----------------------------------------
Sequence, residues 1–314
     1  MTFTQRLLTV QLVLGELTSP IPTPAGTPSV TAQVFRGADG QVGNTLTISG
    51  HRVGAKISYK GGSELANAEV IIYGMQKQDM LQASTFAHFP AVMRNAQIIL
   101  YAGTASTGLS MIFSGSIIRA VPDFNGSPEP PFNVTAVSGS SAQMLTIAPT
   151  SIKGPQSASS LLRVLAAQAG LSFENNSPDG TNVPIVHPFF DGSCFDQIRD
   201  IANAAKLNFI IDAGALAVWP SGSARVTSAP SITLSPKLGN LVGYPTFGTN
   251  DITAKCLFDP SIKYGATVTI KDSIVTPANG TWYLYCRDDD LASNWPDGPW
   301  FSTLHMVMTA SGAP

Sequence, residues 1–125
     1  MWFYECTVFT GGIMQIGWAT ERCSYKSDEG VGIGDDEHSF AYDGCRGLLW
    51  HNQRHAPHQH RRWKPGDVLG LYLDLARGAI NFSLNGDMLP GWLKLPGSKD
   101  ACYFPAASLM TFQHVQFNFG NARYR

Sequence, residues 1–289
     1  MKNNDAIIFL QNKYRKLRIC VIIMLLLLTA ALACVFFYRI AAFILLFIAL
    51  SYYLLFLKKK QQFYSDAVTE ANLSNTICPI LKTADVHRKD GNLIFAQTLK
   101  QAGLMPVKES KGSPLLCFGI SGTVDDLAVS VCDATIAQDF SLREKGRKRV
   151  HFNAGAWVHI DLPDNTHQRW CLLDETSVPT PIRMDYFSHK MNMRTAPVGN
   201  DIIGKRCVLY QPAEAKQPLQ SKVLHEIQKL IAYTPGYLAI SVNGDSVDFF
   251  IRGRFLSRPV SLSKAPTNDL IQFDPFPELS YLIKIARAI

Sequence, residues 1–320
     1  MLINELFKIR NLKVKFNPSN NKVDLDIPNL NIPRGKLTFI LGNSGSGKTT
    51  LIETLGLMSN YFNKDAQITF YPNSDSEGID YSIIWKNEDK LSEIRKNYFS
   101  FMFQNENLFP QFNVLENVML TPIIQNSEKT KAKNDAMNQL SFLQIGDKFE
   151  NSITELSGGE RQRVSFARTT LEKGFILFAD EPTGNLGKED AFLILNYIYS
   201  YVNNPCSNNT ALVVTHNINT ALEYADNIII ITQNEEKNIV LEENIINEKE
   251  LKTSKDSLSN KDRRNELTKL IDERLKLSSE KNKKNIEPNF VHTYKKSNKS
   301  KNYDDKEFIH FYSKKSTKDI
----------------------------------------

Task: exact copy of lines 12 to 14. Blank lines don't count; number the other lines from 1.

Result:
   101  ACYFPAASLM TFQHVQFNFG NARYR

Sequence, residues 1–289
     1  MKNNDAIIFL QNKYRKLRIC VIIMLLLLTA ALACVFFYRI AAFILLFIAL